The Truth in Advertising

STORIES

Well, the SHSMD conference is over at last and now I’m home.  The sessions I attended were informative, but my main takeaway was of a different sort to me.  I listened to many speakers talk about how they overcame obstacles to communicate to their patients or clients.  I listened to how we should excite women and get their attention; how to involve physicians in future marketing efforts and how the Davids can beat the Goliaths.  But most of all, I observed the need for humans to share their stories.

THE JUNGLE

We marketers spend countless dollars and efforts fighting the jungle of each other’s fruitions.  With machete aimed high, we attempt to swat down newspaper print ads, television commercials and the long vines of direct mail.  We do it in the name of our company, and in the name of profit.  But at the end of the day, word

Word of Mouth continues its reign

Word of Mouth continues its reign

of mouth is the mighty champion again and again.

THE STORY

Whether you are in healthcare or manufacturing, it matters not.  Whether you have a large budget or a small one matters not.  Whether you are an expert or an amateur matters not (take note Andrew Keen!).  What does matter is your ability to communicate – and in that communication tell a story.  Not your story, mind you.  Tell the story of the consumer.  And let them help.

REMEMBER YOUR AUDIENCE

WEb 2.0 users know this to be true already.  Bloggers and content generaters tell their stories everyday.  Who are bloggers?  Well…they’re you and me – consumers; and there are a lot of us.  And sometimes we may not like to hear what consumers always have to say.  But if we have a shred of marketing decency, then we must realize they are our focus group AND our audience.  They no longer need an invitation or free meal.  They meet when they want and where they want.  And say what they want to say.  They force us all to be better producers.  And what’s so wrong with that?

We have much to learn from each other.  Let the story telling begin.

Web 2.0 Sucks – or so says Andrew Keen

Keen isn’t so Keen

This morning during a SHSMD conference I’m attending that is directed toward Healthcare Marketers, I was compelled to sit through a lecture given by Andrew Keen, author of “The Cult of the Amateur:  How Today’s Internet is Killing our Culture.”  It was interesting to note that as soon as Keen delivered his first minutes of opinion, the audience was noticeably uncomfortable.  Keen’s main point was that the proliferation of Web 2.0, the advent of blogging by anyone, of Youtube videos being posted by anyone, of Wikipedia being edited by anyone is causing society to suffer.  Keen’s background, as a music publisher, prompted him to defend the artists who aren’t properly reimbursed due to illegal downloading.  Duly noted and agreed on that point.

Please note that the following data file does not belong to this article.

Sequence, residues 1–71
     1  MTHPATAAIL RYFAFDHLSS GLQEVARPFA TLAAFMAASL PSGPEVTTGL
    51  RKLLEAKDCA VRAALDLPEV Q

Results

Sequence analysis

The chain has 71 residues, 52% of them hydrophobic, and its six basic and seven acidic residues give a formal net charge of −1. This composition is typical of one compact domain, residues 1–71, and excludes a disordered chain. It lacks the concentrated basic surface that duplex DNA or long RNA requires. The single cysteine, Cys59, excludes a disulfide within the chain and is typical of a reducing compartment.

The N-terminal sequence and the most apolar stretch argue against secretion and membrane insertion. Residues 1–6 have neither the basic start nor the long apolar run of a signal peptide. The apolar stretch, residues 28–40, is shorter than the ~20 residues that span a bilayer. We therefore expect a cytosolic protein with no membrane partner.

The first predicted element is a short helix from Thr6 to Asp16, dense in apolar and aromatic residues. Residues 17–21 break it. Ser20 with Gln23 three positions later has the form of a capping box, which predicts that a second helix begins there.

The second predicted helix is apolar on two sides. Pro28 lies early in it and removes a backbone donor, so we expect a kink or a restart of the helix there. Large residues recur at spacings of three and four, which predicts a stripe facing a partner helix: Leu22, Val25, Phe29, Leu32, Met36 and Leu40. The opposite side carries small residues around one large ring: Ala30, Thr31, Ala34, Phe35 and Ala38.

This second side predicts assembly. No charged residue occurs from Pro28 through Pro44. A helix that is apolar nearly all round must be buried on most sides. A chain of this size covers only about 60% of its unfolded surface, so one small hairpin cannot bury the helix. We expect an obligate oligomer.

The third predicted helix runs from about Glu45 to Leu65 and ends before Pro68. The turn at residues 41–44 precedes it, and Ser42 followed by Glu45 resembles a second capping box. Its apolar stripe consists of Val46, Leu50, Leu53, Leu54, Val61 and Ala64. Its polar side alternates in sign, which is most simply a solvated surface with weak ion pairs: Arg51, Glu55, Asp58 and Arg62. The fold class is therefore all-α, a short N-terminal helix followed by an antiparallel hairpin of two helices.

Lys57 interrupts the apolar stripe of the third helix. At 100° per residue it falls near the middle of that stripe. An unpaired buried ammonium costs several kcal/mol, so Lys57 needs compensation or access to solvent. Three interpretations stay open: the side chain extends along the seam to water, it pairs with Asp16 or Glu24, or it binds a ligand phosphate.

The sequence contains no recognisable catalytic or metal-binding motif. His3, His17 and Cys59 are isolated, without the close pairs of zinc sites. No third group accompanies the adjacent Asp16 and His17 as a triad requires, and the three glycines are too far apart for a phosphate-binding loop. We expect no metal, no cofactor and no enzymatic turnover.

You Have No Voice

I wasn’t completely sure if Keen believed Oswald was killed by a single bullet.  Unfortunately we never got to that point.  But his suggestions that the consumer must stand to attention when a so-called expert espouses their thoughts was downright insulting.  I got sick to my stomach as I watched Keen talk about how the everyday man doesn’t deserve the right to be inspired, motivated nor have the right to express themselves.  I guess because he’s an author it also qualifies Keen to use his podium to take potshots at Sarah Palin from his democratic high chair.

I applaud SHSMD for inviting a controversial speaker like Keen to speak and challenge conventional thought.  However, having Keen speak at this point in time with millions of blog posts published each day, social networking becoming more than abundant and several issues addressed or repaired by amateurs like myself because of Web 2.0, is like attempting to empty the ocean with a teaspoon.

Healthcare Marketing Goes 2.0

This week I’m at a SHSMD conference in San Francisco.  (That’s Society for Healthcare Strategy and Marketing Development for those playing at home.)  The big buzzword so far has been “2.0.”   One gentleman I spoke with yesterday from a healthcare group is having a hard time getting the corporate boys to realize the playground equipment has changed over the years.  They’re not quite ready to let go of the past.  Predictably, the age range of these folks is on the higher end of the spectrum which tells me fear still causes ignorance in this new age.

Although it’s been a day since I heard this information that people are actually dragging their feet at engaging the internet, consumers and the future, I just can not shake it.  How do these businesses stay alive?  Maybe they should check their days on hand cash – the days might be quickly coming to a close.